Signal PRLVCL000 upon being switched to a binary ZERO when signal BSAD23010 is a binary ONE, forces CPU I/O interrupt busy flip-flop to a binary ZERO state. At the end of the bus cycle, signals PRLVCL000 and PRLVCG010 return to their initial states. If no change is desired, signal BSAD23010 is set to a binary ZERO. At this time, central subsystem 14a is ready to process further external interrupts received from bus 12 which have a priority higher than the current level stored in the circuit 14-206.
As seen from FIG. 5, during a subsequent bus cycle, the central subsystem 14a operates to perform an interrupt cycle of operation upon receipt of an interrupt from another one of the subsystems of FIG. 1. At that time, CPU I/O interrupt busy flip-flop 14-204 will be set to a binary ONE as shown in FIG. 5.
From the above, it is seen how the apparatus of the present invention is able to ensure that CPU level changes can be made in a reliable manner with the addition of very little hardware to the normal bus interface circuits. By using the priority circuits associated with the system bus, each central subsystem can perform level changes without interference from any external or internal events. At that time, the subsystem is able to notify the other subsystems of the level change in a reliable synchronized manner.
For reasons of simplification, the BSRINT signal was used both to define the level change command and provide notification. It is obvious that other bits of the command could have been used to define the level change or status change operation to be performed without interference from the units competing for access to the particular shared resource (e.g. processing unit, memory, etc.). Also, the present invention is not limited to having a processing unit specify its own channel number. It can be used by one processing unit to present or cause a level change or status change in another processing unit.
Additionally, it will be appreciated by those skilled in the art that the teachings of the present invention are also applicable to other devices (e.g. memory subsystems) whose operations (e.g. memory locking) also can be adversely affected by competing processing units in a similar way. Thus, the term processing unit can include any unit capable of accepting and generating level change or status change commands.
It will be noted that many other changes may be made to the preferred embodiment without departing from the teachings of the present invention. For example, the present invention is in no way limited to any particular command format or to the number or type of indicators, etc.
When in accordance with the provisions and statutes there has been illustrated and described the best form of the invention, certain changes may be made without departing from the spirit of the invention as set forth in the appended claims and that in some cases, certain features of the invention may be used to advantage without a corresponding use of other features.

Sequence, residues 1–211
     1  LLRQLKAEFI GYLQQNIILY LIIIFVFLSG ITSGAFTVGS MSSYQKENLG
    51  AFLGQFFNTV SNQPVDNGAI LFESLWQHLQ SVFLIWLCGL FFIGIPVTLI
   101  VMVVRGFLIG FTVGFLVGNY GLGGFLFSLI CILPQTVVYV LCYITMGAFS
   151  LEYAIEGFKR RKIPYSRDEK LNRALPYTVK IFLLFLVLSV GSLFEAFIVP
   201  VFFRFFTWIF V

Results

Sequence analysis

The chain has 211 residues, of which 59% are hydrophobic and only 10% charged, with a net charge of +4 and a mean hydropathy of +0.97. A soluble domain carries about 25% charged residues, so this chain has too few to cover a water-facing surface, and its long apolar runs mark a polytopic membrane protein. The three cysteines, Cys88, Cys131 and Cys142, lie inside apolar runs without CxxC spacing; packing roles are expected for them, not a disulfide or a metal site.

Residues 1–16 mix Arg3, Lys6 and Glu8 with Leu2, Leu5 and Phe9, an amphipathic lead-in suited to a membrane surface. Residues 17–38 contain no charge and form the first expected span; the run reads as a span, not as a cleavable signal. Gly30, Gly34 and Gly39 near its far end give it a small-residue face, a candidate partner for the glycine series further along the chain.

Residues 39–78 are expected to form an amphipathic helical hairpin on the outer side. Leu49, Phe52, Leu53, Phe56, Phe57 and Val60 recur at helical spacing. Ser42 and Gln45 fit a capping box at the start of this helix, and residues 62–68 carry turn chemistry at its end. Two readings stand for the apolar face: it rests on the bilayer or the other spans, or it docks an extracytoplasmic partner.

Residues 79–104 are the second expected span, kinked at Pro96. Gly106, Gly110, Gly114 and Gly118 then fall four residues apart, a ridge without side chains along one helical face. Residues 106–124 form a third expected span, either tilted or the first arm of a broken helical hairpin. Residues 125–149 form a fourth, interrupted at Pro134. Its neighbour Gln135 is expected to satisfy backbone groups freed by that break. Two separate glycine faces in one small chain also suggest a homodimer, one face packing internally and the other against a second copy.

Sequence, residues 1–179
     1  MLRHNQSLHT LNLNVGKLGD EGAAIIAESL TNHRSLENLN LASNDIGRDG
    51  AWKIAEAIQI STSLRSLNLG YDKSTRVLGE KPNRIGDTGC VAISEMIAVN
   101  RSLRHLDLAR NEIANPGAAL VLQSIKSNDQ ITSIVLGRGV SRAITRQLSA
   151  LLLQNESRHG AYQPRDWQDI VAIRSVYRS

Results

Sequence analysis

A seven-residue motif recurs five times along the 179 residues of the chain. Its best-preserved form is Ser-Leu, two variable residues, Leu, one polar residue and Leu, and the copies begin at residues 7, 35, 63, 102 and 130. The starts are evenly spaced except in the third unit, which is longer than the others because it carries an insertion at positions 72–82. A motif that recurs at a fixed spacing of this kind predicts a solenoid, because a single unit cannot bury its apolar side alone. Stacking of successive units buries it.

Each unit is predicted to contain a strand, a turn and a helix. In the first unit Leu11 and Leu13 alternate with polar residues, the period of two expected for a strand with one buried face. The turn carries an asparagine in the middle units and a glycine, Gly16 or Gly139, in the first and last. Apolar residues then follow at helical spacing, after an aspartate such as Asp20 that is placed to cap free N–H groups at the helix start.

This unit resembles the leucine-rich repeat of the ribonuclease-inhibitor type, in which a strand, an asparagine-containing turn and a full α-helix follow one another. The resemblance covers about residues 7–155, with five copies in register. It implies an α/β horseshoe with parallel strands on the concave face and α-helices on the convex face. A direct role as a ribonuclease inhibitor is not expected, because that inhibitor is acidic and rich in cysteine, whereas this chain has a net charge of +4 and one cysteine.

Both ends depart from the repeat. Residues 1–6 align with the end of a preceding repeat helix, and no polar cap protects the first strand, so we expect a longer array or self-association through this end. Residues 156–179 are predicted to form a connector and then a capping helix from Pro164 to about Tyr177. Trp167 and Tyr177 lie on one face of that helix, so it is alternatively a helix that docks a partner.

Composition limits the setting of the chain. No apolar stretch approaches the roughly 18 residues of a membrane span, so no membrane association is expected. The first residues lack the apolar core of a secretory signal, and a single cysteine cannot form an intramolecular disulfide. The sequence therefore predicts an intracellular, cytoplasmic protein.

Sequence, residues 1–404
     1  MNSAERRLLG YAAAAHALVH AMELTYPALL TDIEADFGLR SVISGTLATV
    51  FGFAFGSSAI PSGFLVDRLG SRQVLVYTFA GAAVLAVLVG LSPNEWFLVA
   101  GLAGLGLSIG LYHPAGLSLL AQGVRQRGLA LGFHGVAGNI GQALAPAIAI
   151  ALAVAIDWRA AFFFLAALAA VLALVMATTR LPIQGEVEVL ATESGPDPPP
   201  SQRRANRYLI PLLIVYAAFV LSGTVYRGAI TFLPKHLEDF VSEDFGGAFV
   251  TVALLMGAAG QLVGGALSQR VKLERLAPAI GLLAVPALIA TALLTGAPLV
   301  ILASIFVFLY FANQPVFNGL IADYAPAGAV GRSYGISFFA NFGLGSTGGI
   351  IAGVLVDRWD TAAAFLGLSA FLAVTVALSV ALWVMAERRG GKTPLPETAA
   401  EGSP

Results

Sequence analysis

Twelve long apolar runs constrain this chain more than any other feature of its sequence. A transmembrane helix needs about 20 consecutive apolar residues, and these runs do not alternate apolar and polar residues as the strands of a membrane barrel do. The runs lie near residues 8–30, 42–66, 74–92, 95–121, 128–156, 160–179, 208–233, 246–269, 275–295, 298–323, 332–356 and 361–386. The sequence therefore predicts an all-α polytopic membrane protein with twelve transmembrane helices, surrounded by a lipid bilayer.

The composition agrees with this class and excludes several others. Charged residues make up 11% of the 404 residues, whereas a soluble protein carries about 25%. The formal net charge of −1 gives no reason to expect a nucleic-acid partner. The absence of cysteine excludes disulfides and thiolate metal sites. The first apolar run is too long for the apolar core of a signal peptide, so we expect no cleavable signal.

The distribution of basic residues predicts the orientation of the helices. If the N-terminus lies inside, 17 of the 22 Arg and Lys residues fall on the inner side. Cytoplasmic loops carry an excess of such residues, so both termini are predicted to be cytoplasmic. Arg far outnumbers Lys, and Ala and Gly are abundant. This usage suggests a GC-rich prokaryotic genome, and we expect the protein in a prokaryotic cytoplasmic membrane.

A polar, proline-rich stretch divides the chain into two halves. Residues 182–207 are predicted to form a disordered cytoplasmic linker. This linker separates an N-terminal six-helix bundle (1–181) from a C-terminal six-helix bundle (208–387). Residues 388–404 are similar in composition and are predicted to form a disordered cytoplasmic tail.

|Cited Patent||Filing date||Publication date||Applicant||Title|
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|US4459665 *||Jan 31, 1979||Jul 10, 1984||Honeywell Information Systems Inc.||Data processing system having centralized bus priority resolution|
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|Citing Patent||Filing date||Publication date||Applicant||Title|
|US5301283 *||Apr 16, 1992||Apr 5, 1994||Digital Equipment Corporation||Dynamic arbitration for system bus control in multiprocessor data processing system|
|US5463740 *||Feb 13, 1995||Oct 31, 1995||Fujitsu Limited & Fujitsu Microcomputer Systems Ltd.||Data control device generating different types of bus requests and transmitting requests directly to one of a number of arbiters for obtaining access to a respective bus|
|US5603035 *||May 27, 1994||Feb 11, 1997||Telemecanique||Programmable interrupt controller, interrupt system and interrupt control process|
|International Classification||G06F9/48, G06F13/20, G06F13/24, G06F15/177, G06F9/46, G06F15/16, G06F13/26|
|Cooperative Classification||G06F9/4812, G06F13/26|
|European Classification||G06F13/26, G06F9/48C2|
|Jun 27, 1986||AS||Assignment|
Owner name: HONEYWELL INFORMATION SYSTEMS INC., HONEYWELL PLAZ
Free format text: ASSIGNMENT OF ASSIGNORS INTEREST.;ASSIGNORS:KEELEY, JAMES W.;BARLOW, GEORGE J.;REEL/FRAME:004573/0970
Effective date: 19860627
|Jun 26, 1992||FPAY||Fee payment|
Year of fee payment: 4
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|Jul 28, 2000||FPAY||Fee payment|
Year of fee payment: 12